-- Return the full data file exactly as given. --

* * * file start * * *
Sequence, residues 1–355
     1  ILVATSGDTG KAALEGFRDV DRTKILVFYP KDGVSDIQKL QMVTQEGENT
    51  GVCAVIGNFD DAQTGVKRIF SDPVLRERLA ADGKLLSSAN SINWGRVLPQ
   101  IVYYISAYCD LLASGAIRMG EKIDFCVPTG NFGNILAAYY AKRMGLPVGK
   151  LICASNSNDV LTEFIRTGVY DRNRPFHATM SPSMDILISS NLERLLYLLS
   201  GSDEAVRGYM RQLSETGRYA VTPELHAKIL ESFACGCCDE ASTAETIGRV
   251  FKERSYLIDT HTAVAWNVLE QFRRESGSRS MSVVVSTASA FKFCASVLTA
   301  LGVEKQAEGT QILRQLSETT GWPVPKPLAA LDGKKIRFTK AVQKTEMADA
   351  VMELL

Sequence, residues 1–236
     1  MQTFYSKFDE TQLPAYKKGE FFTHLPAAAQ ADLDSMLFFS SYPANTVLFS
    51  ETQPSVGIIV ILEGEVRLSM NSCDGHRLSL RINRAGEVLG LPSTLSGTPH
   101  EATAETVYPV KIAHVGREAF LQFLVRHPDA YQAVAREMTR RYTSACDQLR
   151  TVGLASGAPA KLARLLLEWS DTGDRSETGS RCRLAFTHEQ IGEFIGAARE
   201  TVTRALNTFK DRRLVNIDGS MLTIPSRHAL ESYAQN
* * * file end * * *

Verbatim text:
Sequence, residues 1–355
     1  ILVATSGDTG KAALEGFRDV DRTKILVFYP KDGVSDIQKL QMVTQEGENT
    51  GVCAVIGNFD DAQTGVKRIF SDPVLRERLA ADGKLLSSAN SINWGRVLPQ
   101  IVYYISAYCD LLASGAIRMG EKIDFCVPTG NFGNILAAYY AKRMGLPVGK
   151  LICASNSNDV LTEFIRTGVY DRNRPFHATM SPSMDILISS NLERLLYLLS
   201  GSDEAVRGYM RQLSETGRYA VTPELHAKIL ESFACGCCDE ASTAETIGRV
   251  FKERSYLIDT HTAVAWNVLE QFRRESGSRS MSVVVSTASA FKFCASVLTA
   301  LGVEKQAEGT QILRQLSETT GWPVPKPLAA LDGKKIRFTK AVQKTEMADA
   351  VMELL

Sequence, residues 1–236
     1  MQTFYSKFDE TQLPAYKKGE FFTHLPAAAQ ADLDSMLFFS SYPANTVLFS
    51  ETQPSVGIIV ILEGEVRLSM NSCDGHRLSL RINRAGEVLG LPSTLSGTPH
   101  EATAETVYPV KIAHVGREAF LQFLVRHPDA YQAVAREMTR RYTSACDQLR
   151  TVGLASGAPA KLARLLLEWS DTGDRSETGS RCRLAFTHEQ IGEFIGAARE
   201  TVTRALNTFK DRRLVNIDGS MLTIPSRHAL ESYAQN